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Over There (in the UK)

June 21, 2002 at 10 AM

Media in the News

Much ado in Canada this week about the firing of Russell Mills, publisher of the Ottawa Citizen. The controversy surrounds the reason for his dismissal, namely, that he allowed an editorial criticizing the Prime Minister to run without seeking permission from the Citizen’s parent company, CanWest Global.

The Globe and Mail, one of the few dailies in Canada not owned by Global and the Liberal Party affiliated Asper family, has had a field day with this one, publishing reports of Global’s falling share price, and allowing Mills and other former employees a chance to exact verbal revenge. Meanwhile, company president Leonard Asper has announced that Mills’s firing stemmed from repeated insubordination, and not from just one incident.

The whole story reeks of course, but it’s not as simple as the Globe columnists might think. The Aspers, whom I’ve criticized before, have an undeniable right to control what they publish in their own paper, and if their employees step out of line, they have a right to terminate them. Anything else amounts to state control of the press, which is, I hope we can all agree, ultimately worse than heavy-handed corporate control.

That said, it is both ignorant and shortsighted of Global to force a point of view — in this case, that the governing Liberal Party deserves a break — on its journalists and its readers. For one, nobody ever sold newspapers saying how great life is under the status quo. But more importantly, the media have a responsibility to act as watchdog to democracy, the so-called fourth estate, and to do that, it is necessary to criticize those in power. It’s the nature of the beast. Ultimately, if Global’s newspapers become less critical, they will become less relevant, and will instead contribute to the ongoing decline of influence that news media have on people’s lives. Along with that comes the rise of apathy, and really, that’s good for no one except despots like Chrétien. (Oops, my biases are revealed.) Despite what the Aspers think, a more friendly media will eventually just hurt their bottomline.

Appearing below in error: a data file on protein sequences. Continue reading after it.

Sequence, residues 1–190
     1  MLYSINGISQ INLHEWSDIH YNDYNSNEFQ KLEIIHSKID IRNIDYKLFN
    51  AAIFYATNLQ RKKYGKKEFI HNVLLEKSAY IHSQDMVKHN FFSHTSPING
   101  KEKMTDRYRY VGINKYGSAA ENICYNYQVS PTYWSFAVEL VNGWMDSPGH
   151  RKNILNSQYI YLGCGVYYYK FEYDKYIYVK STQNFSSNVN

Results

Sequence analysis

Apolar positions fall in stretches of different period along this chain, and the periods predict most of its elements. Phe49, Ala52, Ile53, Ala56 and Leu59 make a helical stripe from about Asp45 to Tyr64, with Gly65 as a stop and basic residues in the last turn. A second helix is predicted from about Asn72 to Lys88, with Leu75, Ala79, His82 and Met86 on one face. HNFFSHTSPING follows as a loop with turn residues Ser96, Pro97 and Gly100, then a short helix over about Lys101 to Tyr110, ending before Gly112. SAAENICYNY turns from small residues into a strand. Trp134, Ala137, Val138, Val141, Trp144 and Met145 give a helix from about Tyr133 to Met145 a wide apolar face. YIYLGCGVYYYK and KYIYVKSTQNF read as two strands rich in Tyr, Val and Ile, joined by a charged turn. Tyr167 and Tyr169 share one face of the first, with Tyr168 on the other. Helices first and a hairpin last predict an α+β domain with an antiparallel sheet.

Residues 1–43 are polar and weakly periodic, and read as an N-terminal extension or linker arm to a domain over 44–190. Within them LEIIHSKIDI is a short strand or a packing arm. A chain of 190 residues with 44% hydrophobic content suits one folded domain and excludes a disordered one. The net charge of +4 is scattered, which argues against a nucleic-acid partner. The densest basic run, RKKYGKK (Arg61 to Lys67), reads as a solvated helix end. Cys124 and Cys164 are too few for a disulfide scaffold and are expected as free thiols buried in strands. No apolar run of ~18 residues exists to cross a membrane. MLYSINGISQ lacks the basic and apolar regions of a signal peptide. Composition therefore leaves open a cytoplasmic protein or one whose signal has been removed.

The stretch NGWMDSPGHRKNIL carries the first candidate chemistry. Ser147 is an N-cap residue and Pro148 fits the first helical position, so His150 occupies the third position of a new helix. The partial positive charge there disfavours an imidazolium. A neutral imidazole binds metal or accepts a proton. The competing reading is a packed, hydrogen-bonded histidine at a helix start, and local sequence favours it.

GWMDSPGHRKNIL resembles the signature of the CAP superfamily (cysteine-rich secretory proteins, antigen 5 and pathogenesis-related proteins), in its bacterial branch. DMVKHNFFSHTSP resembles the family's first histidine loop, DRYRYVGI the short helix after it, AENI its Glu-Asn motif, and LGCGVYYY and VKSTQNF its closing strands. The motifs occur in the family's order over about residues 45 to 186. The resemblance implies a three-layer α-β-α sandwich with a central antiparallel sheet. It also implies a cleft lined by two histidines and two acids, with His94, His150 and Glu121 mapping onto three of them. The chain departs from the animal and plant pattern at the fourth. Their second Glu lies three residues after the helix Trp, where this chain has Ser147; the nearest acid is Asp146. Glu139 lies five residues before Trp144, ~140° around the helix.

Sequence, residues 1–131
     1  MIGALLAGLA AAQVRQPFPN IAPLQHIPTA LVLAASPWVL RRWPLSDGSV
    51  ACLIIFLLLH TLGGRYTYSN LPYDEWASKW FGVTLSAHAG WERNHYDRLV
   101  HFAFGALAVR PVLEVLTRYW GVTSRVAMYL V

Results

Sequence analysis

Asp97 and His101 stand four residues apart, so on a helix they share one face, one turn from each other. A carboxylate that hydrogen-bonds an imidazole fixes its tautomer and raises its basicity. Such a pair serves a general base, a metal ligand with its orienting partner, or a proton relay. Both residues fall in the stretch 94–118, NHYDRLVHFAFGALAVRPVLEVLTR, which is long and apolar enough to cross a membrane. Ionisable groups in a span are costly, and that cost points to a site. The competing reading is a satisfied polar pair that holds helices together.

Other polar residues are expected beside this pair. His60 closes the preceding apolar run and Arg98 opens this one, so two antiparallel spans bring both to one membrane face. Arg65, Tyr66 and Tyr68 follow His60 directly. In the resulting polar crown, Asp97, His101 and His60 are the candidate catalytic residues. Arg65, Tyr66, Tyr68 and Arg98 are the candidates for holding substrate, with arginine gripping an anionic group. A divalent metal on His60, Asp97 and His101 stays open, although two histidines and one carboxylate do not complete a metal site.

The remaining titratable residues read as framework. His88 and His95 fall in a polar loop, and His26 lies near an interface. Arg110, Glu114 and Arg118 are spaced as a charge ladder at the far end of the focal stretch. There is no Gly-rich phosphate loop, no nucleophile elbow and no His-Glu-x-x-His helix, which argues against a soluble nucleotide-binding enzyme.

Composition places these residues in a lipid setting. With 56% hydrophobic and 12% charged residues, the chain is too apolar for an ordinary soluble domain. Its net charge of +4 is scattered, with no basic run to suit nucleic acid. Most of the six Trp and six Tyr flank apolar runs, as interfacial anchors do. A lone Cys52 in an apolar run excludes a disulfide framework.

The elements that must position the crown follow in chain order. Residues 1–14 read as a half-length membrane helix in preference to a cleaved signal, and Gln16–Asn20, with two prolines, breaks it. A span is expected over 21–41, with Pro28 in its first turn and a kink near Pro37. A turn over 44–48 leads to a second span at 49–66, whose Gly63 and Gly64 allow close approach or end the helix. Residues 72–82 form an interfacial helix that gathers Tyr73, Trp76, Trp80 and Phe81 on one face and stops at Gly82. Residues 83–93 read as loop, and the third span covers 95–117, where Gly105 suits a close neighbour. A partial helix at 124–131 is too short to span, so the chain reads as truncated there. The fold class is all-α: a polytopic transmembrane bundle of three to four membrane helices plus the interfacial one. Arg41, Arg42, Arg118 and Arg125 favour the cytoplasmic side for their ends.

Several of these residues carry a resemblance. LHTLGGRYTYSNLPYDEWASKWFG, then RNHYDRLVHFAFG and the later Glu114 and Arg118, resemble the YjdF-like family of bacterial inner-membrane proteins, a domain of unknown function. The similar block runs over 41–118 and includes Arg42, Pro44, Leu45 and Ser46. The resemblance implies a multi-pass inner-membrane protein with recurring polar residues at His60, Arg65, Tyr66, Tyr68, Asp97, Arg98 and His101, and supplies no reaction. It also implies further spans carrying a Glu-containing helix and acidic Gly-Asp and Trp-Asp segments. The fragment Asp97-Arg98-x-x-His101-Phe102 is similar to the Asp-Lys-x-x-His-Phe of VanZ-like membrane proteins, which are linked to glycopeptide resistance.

The irony is that a lot of people seem to be clamouring for the government to Do Something!, as they always do when the world doesn’t seem to serve the public interest. And perhaps they’re right in a sense. There is something wrong with media ownership in Canada, but it’s entirely because of the government, not in spite of it. Besides, do we really want the Liberals messing around with media legislation when the guys that own the media are big Liberals too?

Ownership controls abound in this country, the intent of them being to ensure that no unsavoury characters take over the media, and that “Canadian” news and ideas take precedence. But mainly that means that foreign interests are not allowed to control mass media in Canada. And since there seem to be very few people within the country interested in running a press (and the one who was — Conrad Black — was chased out), that means there is no thriving competition.

Open the floodgates. Spill some fresh blood. Allow the Dutch, the French, the English, and gasp, the Americans to open newspapers here. Hell, I’m bored of Canadian news anyway.

Comments

The New York Times sounds American to me but the owner(s) is/are not American. Same with the Jerusalem Post, it seems to be owned by Israelis, it isn’t. It can work in Canada as well. Maybe foreign owners of The Gazette, etc. could permit live hyperlinks in their articles, just like most media and weblogs do.

— Aaron | Jun. 21, 2002 — 11 AM

Previously: Brasil Vivo

Subsequently: A Case of the Mondays

June 2002
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